The Mueller report was supposed to settle, once and for all, the controversy over whether the Trump team colluded with Russians or obstructed justice.
Clearly it has not.
Shouldn’t nearly 700 hundred pages of details, after almost two years of waiting, have helped the nation to achieve a consensus over what happened?
As the German philosopher Goethe said in the early 1800s, “Each sees what is present in their heart.”
Since 2013 – long before Donald Trump was even a candidate – we have been studying the “dueling facts” phenomenon: the tendency for Red and Blue America to perceive reality in starkly different ways.
Based on that work, we expected the report to settle next to nothing.
The conflicting factual assertions that have emerged since the report’s release highlight just how easy it is for citizens to believe what they want, regardless of what Robert Mueller, William Barr or anyone else has to say about it.
Dueling facts in American democracy
Our research has led us to several conclusions about the future of political discourse in the U.S.
The first is that dueling fact perceptions are rampant, and they are more entrenched than most people realize.
Some examples of this include conflicting perceptions about the existence of climate change, the strength of the economy, the consequences of racism, the origins of sexual orientation, the utility of minimum wage increases or gun control, the crime rate and the safety of vaccines.
This has serious implications for American democracy. As political scientists, we wonder: How can a community decide the direction they should go, if they cannot even agree on where they are? Can people holding dueling facts be brought into some semblance of consensus?
To figure that out, it is important to determine where such divergent beliefs come from in the first place.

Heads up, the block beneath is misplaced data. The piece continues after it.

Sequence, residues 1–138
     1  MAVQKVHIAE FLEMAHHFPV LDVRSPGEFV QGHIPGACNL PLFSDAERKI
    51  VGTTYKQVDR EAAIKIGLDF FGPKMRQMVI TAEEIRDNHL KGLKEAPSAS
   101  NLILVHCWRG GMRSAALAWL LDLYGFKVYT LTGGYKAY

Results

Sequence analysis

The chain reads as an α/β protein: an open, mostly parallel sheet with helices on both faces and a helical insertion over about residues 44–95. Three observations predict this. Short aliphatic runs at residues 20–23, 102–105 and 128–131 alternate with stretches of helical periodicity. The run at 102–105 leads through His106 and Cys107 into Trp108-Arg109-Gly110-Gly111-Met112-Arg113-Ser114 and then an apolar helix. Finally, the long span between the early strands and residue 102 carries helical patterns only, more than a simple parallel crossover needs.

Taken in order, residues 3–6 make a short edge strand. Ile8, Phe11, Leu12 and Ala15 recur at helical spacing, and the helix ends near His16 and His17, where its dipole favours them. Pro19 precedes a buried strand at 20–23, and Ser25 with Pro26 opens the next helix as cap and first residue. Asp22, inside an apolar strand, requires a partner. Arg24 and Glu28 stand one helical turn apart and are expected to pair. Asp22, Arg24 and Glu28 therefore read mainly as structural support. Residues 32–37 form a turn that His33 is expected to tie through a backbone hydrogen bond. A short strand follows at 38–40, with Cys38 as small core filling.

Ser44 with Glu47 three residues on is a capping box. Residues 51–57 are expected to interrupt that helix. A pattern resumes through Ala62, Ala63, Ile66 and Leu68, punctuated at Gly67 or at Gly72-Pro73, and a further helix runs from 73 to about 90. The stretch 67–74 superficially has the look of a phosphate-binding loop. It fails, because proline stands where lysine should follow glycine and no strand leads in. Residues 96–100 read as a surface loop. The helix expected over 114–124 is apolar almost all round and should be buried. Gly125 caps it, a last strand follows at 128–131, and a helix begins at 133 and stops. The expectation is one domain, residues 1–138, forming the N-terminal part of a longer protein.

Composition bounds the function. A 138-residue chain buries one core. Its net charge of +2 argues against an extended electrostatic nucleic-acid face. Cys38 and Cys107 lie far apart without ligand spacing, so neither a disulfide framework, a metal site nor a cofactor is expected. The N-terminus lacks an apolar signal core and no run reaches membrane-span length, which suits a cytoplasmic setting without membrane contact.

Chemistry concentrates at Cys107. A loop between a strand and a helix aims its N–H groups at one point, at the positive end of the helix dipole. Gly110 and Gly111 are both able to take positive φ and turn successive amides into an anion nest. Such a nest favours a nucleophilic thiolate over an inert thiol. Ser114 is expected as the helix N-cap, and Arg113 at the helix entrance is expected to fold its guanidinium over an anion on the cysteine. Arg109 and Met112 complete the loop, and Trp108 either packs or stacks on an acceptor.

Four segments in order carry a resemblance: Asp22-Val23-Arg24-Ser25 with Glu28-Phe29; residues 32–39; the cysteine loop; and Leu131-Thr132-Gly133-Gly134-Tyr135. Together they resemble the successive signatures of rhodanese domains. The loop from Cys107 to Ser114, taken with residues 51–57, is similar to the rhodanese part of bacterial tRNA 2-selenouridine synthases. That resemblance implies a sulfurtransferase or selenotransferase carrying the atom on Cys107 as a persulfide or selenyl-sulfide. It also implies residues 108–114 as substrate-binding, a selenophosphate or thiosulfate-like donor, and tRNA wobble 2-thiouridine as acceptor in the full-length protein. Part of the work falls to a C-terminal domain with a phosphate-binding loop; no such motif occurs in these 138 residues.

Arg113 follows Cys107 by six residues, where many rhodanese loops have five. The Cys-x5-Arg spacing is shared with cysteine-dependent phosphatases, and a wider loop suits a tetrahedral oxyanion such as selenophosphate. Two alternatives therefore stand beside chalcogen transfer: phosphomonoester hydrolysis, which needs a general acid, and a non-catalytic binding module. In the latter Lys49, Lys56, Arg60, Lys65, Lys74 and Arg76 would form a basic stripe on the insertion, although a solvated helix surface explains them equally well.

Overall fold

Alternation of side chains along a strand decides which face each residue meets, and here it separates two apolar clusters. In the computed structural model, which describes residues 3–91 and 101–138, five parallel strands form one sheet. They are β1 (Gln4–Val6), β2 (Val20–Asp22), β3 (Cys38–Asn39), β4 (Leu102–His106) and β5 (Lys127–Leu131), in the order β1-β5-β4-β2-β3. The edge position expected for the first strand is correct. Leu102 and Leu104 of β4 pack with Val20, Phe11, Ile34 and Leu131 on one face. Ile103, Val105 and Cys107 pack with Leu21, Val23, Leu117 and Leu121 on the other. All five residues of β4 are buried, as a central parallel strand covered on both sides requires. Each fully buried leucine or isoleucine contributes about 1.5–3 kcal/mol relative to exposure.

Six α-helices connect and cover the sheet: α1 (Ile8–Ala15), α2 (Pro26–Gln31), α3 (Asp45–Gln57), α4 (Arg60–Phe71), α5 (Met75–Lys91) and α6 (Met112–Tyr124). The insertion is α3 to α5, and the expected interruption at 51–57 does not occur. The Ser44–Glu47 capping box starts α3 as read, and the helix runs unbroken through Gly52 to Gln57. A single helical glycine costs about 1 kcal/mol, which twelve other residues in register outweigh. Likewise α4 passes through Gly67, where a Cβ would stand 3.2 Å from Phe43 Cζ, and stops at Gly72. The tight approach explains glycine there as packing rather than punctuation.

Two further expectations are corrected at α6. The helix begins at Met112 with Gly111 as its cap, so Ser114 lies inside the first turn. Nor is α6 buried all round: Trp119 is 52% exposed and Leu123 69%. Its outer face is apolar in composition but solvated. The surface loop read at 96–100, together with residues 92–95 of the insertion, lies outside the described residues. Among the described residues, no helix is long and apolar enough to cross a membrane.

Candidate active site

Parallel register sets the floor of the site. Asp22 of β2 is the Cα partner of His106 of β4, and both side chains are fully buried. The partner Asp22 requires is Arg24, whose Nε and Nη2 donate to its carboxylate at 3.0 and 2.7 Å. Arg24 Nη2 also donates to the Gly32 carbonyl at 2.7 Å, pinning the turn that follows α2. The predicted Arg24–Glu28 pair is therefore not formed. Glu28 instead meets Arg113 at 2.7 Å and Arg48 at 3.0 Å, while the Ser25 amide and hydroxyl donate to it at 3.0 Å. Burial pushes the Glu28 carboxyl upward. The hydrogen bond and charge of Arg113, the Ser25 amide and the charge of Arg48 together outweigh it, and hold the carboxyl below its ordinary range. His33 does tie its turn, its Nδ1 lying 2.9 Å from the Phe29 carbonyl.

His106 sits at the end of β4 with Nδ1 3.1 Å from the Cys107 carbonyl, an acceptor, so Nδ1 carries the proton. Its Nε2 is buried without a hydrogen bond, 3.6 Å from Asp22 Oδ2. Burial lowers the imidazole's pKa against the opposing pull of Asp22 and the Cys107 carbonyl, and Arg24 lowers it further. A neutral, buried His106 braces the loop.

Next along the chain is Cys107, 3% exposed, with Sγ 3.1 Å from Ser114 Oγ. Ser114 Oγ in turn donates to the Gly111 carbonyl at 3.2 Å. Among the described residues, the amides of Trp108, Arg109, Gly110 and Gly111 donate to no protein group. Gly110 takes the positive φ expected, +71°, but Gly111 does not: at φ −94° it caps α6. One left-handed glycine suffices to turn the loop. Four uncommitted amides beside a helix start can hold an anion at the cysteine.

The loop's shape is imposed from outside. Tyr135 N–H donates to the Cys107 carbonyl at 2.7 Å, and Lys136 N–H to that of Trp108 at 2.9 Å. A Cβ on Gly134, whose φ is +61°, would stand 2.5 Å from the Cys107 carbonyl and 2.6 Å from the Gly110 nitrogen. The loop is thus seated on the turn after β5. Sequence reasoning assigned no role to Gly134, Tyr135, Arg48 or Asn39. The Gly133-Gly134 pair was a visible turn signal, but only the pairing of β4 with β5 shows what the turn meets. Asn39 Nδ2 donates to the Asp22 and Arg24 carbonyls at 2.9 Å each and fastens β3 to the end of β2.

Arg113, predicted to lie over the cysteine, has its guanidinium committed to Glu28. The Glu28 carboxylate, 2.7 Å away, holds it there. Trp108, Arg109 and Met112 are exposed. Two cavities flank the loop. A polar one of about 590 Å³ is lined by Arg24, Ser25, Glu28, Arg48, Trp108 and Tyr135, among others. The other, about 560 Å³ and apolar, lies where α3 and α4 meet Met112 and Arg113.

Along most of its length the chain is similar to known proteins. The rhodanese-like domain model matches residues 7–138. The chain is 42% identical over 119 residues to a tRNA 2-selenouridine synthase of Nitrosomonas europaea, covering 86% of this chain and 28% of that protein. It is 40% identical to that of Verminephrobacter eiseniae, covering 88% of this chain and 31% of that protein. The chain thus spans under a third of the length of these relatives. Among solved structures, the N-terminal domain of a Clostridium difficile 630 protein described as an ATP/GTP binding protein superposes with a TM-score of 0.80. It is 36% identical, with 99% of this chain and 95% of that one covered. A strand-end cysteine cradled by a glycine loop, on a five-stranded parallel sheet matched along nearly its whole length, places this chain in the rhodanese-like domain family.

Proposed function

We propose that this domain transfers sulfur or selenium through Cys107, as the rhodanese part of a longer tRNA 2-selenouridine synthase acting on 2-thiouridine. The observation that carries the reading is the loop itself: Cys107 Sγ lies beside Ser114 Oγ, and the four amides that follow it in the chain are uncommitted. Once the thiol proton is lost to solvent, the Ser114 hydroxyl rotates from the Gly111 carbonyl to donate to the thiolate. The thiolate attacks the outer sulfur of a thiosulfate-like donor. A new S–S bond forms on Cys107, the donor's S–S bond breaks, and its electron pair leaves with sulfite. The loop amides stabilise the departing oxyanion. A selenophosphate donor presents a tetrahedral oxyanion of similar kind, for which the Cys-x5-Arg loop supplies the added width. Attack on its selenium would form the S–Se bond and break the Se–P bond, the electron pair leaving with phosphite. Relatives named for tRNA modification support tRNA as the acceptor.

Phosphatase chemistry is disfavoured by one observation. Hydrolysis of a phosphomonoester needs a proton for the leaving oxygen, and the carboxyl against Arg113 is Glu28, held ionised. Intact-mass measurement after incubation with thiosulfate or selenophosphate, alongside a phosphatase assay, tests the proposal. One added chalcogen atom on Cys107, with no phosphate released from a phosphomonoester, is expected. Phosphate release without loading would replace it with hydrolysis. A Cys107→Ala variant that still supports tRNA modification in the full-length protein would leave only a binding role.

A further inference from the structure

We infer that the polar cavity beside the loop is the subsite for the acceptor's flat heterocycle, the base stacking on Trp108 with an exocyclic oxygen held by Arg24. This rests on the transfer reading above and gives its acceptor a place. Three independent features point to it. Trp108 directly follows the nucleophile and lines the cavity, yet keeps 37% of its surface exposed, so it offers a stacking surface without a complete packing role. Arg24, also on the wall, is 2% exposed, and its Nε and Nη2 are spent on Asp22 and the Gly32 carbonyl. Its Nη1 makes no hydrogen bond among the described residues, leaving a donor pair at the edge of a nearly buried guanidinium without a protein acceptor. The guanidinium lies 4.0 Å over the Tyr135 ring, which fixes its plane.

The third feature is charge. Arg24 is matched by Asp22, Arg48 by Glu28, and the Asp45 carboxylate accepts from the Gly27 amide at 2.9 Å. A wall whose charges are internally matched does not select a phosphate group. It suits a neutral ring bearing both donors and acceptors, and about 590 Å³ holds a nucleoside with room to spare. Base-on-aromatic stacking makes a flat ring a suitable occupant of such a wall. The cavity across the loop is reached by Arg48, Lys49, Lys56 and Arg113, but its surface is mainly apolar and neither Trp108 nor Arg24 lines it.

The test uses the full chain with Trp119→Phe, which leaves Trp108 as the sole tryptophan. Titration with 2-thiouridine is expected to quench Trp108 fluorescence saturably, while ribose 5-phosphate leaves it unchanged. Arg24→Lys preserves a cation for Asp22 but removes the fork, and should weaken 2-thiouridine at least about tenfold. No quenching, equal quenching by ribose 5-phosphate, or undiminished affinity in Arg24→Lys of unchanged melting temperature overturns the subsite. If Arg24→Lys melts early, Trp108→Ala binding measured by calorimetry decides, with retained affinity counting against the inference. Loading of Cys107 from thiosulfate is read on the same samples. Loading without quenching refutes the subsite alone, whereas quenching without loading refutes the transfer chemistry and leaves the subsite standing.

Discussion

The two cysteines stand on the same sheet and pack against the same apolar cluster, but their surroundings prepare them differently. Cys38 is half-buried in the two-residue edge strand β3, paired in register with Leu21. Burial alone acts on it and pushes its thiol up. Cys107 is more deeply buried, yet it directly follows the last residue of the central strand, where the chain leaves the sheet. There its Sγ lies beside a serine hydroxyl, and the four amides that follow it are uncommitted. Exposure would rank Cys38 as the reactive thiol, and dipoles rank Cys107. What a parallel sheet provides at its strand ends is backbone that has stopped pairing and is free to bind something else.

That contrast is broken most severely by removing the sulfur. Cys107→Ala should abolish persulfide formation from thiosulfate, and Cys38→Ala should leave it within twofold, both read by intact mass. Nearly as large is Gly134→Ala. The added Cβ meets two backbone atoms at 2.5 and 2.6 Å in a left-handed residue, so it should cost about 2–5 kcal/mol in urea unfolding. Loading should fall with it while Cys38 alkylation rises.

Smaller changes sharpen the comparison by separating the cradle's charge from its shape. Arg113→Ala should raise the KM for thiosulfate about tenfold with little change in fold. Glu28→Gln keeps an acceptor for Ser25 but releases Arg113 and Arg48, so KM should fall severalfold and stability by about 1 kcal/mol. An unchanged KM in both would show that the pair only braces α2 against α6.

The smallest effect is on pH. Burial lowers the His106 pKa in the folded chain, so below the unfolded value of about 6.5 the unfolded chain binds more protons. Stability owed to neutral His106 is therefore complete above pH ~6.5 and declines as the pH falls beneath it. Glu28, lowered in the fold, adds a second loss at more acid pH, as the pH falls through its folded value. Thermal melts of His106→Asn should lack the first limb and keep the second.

This is the perspective we began with: If dueling fact perceptions are driven by misinformation from politicians and pundits, then one would expect things to get better by making sure that people have access to correct information – via fact-checking, for example.
We envisioned the dueling facts phenomenon as being primarily tribal, driven by cheerleading on each side for their partisan “teams.” We assumed, like most other scholars, that individuals are simply led astray by their team’s coaches (party leaders), star players (media pundits) or fellow fans (social media feeds).
But it turns out that the roots of such divergent views go much deeper.
EPA vis AP
We found that voters see the world in ways that reinforce their values and identities, irrespective of whether they have ever watched Fox News or MSNBC, and regardless of whether they have a Facebook account.
For example, according to our data from five years of national surveys from 2013 to 2017, the most important predictor of whether a person views racism as highly prevalent and influential is not her partisan identification. It is not her general ideological outlook. It is not the amount or type of media that she consumes. It is not even her own race.
It is the degree to which she prioritizes compassion as a public virtue, relative to other things like rugged individualism.